ANTIC PIX BOOKS
Programming Your ATARI Computer
by Mark ThompsonThis book, unlike most, starts with a fairly extensive introduction to computer science as a foundation for learning about the ATARI. Number systems, microcomputer architecture and operation, binary arithmetic, and Boolean operations are all covered in introductory chapters. In addition, the book goes into various aspects of ATARI BASIC, including graphics, sound and other applications, with sample programs. One chapter offers a brief introduction to machine language programming. TAB BOOKS Inc., $10.95.
BASIC Exercises for the ATARI
by L. P. LamoitierDesigned for readers with a minimum of scientific or technical background, this book teaches BASIC through a series of graduated exercises. The first chapter presents - what else? - an income tax program. Other chapters cover flowcharts, math with integers, elementary geometry, and data processing. Advanced chapters include games, operations research, and statistics. Each exercise includes a statement and analysis of the problem, solution with flowchart and comments, corresponding program, and sample run. Pains have been taken to adopt a top-down, highly structured approach to solving programming problems. Sybex, $12.95.
Mapping the ATARI
by Ian ChadwickMapping the ATARI is thememory map to the ATARI 400/800 Operating System. Covering both Revision A and Revision B of the OS, Chadwick exhustively describes the function and use of practically every important memory location in the computers, while generally eschewing language-specific information. Extinsive sections on ATARI's special-purpose chips (ANTIC, POKEY, and GTIA) explain their purposes far better than the Technical User's Notes. Bill Wilkinson's introduction describes how to access memory in seven different languages - a most illuminating exercise. COMPUTE! Books, $14.95.
The Book of ATARI Software 1983
by Jeffrey Stanton, Robert P. Wells, Sandra RochowanskyOffering over 300 pages of reviews for the ATARI 400/800 computers (plus reviews of some hardware and VCS games), this is a unique and valuable aid to the confused software shopper. Program categories include games & entertainment, business, education, and utility programs. Each program is rated on a scale of A to F by a number of different criteria - depending on the type of program. Writing style is consistently intelligent, clear, and objective. The Book Company, $19.95.
De Re ATARI
by Amy Chen, Chris Crawford, Jim Dunion, Bob Fraser, and Lane Winner"All about the ATARI" is what this title means, and what the book delivers, even if you are sometimes required to translate not only the title, but the obscure presentation. This book is valuable because it is a distillation of the ATARI technical manuals by those who knew the most about them. De Re is like an adventure game, if you get stuck you just have to keep trying until you figure out what they meant to say. Nowadays it's not too hard to find someone who can ease the journey. If De Re ATARI is too easy for you, you're ready for the Technical User Notes, available from Atari, Inc. De Re Atari Program Exchange, $19.95.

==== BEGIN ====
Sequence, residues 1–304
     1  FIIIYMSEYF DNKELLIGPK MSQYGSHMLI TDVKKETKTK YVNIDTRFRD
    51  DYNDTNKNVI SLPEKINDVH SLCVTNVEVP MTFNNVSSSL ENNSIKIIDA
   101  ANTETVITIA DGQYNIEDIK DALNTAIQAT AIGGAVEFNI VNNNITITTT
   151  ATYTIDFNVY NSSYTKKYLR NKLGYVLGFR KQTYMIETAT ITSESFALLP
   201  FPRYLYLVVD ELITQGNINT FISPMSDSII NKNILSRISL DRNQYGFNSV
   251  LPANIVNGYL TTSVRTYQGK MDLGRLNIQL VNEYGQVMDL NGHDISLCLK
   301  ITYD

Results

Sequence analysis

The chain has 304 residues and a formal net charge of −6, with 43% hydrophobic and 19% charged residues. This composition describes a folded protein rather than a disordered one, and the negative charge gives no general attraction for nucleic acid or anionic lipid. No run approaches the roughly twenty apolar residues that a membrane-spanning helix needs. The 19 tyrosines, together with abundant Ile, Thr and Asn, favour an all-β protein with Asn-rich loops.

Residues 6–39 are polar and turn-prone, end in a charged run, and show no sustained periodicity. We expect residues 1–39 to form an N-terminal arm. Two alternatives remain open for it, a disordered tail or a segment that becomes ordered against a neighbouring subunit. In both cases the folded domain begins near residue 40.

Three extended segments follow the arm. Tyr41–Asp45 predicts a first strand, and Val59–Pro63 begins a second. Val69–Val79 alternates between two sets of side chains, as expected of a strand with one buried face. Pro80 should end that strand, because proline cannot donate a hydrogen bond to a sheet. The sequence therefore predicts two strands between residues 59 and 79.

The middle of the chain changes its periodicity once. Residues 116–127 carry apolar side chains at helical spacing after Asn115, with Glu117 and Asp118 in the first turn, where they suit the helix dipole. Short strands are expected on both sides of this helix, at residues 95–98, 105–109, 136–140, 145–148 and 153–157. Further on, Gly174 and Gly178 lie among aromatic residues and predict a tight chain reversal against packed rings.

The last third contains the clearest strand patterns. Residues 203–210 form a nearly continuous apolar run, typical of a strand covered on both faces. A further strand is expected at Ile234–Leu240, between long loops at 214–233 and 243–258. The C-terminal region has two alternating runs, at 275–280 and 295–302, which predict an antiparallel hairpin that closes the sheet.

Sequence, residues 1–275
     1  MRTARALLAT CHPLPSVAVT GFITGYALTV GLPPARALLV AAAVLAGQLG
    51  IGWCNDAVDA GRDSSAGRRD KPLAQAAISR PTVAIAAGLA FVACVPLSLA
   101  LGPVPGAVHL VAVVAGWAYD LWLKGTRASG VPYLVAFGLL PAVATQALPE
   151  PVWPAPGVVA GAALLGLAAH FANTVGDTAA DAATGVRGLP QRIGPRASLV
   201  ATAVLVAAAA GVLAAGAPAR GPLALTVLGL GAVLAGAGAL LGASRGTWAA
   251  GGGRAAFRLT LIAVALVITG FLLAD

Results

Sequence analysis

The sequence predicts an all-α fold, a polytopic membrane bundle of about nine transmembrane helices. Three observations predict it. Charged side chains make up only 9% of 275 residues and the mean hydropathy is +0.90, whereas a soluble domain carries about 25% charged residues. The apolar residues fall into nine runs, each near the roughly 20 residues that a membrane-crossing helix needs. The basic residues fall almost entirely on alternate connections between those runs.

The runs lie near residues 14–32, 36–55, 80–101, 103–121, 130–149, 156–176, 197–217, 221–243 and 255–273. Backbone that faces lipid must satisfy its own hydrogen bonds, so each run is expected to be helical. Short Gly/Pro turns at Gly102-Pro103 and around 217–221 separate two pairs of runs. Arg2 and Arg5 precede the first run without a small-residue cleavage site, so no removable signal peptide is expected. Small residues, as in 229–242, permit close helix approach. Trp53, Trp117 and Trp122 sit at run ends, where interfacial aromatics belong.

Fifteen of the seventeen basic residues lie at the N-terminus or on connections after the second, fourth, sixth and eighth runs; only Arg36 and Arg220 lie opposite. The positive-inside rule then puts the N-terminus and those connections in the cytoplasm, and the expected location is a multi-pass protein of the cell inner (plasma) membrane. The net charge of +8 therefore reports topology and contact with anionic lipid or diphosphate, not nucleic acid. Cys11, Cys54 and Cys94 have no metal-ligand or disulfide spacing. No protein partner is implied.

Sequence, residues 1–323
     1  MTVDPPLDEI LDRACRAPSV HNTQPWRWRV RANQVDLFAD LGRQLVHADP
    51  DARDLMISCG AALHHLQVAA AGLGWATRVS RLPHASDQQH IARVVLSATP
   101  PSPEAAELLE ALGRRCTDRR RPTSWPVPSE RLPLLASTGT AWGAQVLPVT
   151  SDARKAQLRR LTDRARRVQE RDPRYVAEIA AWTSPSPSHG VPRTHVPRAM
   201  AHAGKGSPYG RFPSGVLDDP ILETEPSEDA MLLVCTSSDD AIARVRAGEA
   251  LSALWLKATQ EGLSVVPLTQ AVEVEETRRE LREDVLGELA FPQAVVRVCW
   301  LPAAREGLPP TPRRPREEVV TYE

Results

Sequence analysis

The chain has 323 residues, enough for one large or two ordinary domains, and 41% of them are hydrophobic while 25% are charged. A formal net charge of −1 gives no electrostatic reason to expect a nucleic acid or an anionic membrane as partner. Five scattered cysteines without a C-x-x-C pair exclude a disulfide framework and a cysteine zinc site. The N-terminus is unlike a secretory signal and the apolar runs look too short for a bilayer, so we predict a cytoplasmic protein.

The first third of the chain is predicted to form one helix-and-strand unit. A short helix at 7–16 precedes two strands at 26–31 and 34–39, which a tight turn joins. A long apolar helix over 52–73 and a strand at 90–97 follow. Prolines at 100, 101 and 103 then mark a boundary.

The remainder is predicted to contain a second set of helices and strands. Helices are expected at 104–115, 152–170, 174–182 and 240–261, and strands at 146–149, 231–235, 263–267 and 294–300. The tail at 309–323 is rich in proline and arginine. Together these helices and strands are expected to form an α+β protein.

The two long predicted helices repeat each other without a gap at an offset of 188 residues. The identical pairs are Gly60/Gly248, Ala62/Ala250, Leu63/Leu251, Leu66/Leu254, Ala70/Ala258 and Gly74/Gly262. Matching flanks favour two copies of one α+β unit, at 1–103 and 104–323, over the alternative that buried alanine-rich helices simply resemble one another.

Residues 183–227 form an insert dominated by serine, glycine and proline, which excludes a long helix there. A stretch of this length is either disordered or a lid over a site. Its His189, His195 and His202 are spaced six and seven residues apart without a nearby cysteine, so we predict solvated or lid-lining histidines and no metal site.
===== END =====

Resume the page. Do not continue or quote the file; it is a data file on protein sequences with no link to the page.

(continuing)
I Speak BASIC to My ATARI
by Aubrey B. Jones, Jr.An outgrowth of Philadelphia's PRIME project, in which minority students are introduced to careers in engineering, this book is intended for classroom instructional use. However, there is no reason why the book could not be used at home to full advantage by a motivated beginning-level ATARI owner. There are two versions; a teacher's guide and the student's text. Material of a largely introductory nature is presented in bold lettering, in sizes ranging from medium to large. Also, there is a good deal of blank space on many pages. The book includes short programs, trial runs, and illustrations. Hayden Book Co., $15.95.
ATARI Sound and Graphics
by Herb Moore, Judy Lower, and Bob AlbrechtThis book picks up where ATARI BASIC left off. The book that came with your BASIC cartridge was fine for learning programming from ground zero, but did not cover ATARI's special features. ATARI Sound and Graphics, however, assumes no prior programming experience. As with ATARI BASIC, the material is presented in self-instructional format. Each short section presents you with a new idea for using BASIC to create an image or sound, then tests you. ONce you've covered the fundamentals in earlier chapters, you can learn how to use sound together with graphics, play a little music, and create some special effects. John Wiley & Sons, Inc. $9.95.
Atari Programming, with 55 Programs
by Linda M. SchreiberThe rank beginner hoping to learn BASIC programming on the ATARI will benefit greatly from the gentle guidance of Linda Schreiber. She starts from zero and progresses smoothly through the powers of BASIC in an organized way. The reader writes programs from the very start, using Schreiber's illustrative examples. She spends extra time on strings and special functions such as PEEKs and POKEs and USR commands. TAB BOOKS, Inc. $14.50.
Kids and the ATARI
by Edward H. CarlsonThis special primer on programming is for children. Probably a bright seven year old could read and use this book. ATARI operations and elementary programming are cut into the tiniest conceptual units, explained very simply, and illustrated appropriately - usually one concept per page. Attractive and clever, the book is not at all threatening, yet it manages to get into string manipulation, sound and graphics. It includes a glossary of terms explained in simple English. Assignments in each lesson have correct solutions in the back of the book. Adults unfamiliar with computing could profit from this book too. Datamost, $19.95.